June 7, 2011: 1:02 PM ET

Airbnb embraced a different, questionable kind of advertising to help get off the ground. It'd be surprising if it wasn't so necessary.

FORTUNE -- Dave Gooden says he didn't intend to be a whistle blower. But last week that's what he became, forcing Airbnb -- the next Groupon, Zynga, and/or Twitter, if you believe the hype -- to investigate its own advertising practices and compelling the media to hound him until he decided to stop talking. Two days after stirring the pot, Gooden was already saying "I am not interested in getting any more attention over this matter," and returning to his less noticeable life as the founder of a small real estate website in Minnesota.

The fuss started when Gooden read the news that Airbnb, a website that helps tens of thousands of people make money by welcoming strangers into their homes, was rumored to be worth a billion dollars. Gooden, a humble guy in Minnesota who tried to build a competitor to Airbnb in 2009, was not the founder of a company worth a billion dollars. He was the founder of a facsimile that for all intents and purposes no longer exists.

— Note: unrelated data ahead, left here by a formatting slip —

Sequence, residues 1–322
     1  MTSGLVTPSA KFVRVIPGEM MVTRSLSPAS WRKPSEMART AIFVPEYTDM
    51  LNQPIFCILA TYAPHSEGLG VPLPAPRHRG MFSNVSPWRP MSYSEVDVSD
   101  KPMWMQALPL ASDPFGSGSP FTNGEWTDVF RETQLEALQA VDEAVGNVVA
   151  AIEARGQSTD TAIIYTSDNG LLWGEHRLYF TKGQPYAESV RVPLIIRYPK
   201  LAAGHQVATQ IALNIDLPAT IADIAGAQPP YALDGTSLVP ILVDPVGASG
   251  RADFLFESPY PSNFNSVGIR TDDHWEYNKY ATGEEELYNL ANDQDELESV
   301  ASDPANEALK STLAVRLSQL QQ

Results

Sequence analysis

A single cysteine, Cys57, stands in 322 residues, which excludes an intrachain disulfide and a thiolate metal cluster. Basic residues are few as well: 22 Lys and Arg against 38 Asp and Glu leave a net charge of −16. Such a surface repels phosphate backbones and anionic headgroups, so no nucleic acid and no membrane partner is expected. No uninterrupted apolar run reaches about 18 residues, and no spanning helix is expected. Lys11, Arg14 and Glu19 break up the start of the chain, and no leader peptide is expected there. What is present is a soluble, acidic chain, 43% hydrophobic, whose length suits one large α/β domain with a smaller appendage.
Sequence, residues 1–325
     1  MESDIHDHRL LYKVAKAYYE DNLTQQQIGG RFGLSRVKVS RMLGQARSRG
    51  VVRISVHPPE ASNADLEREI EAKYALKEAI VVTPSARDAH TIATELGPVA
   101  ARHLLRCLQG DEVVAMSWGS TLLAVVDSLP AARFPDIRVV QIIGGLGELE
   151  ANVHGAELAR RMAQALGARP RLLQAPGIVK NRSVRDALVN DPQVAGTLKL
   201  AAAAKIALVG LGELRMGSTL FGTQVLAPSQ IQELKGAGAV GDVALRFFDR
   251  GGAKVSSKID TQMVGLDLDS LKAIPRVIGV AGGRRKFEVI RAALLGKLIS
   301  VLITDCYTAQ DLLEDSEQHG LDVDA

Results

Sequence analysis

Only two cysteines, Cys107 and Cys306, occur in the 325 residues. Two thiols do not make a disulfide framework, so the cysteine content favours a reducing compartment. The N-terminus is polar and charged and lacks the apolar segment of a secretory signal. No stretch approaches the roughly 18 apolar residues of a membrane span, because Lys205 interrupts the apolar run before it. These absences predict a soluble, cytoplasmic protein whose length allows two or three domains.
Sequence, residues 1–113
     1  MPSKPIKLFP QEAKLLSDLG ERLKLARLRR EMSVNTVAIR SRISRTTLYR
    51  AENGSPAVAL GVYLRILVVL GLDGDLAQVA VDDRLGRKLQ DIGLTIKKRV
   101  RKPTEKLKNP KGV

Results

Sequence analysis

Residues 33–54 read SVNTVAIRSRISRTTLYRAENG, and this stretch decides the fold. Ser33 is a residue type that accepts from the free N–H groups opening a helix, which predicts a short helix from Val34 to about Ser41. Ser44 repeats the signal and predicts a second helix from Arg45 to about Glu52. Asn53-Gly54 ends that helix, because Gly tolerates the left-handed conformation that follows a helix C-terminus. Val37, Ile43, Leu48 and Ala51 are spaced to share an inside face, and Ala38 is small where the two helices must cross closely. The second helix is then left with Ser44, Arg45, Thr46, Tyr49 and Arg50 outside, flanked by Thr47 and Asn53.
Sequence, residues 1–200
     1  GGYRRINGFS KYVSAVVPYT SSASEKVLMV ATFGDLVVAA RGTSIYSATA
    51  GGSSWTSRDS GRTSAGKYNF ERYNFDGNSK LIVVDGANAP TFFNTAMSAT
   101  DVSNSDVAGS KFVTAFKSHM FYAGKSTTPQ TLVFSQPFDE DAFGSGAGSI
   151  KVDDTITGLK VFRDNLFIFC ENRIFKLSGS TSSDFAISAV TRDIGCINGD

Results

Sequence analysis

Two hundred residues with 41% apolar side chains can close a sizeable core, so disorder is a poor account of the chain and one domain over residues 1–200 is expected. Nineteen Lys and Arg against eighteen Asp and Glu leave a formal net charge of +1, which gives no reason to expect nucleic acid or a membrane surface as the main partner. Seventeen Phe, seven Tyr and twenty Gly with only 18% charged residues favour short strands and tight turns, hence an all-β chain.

And so Gooden went digging through his inbox. In 2009, while he was building that Airbnb competitor, Mimbeo.com, he couldn't understand how Airbnb was seeding its site with so many listings. Building an initial community is the hardest task for a listings site in its youth -- indeed, for any site that purports to be "social" in any way. Airbnb now claims it found its first customers through PR, partnerships, and word of mouth. In 2009, Gooden had a different hypothesis: that Airbnb was trolling Craigslist for potential renters, convincing them to also put their listings on Airbnb. To test it out, he put up some dummy room-for-rent listings on Craigslist, testing to see whether he'd be solicited. He was, but not by Airbnb. By an affiliate on its behalf: More

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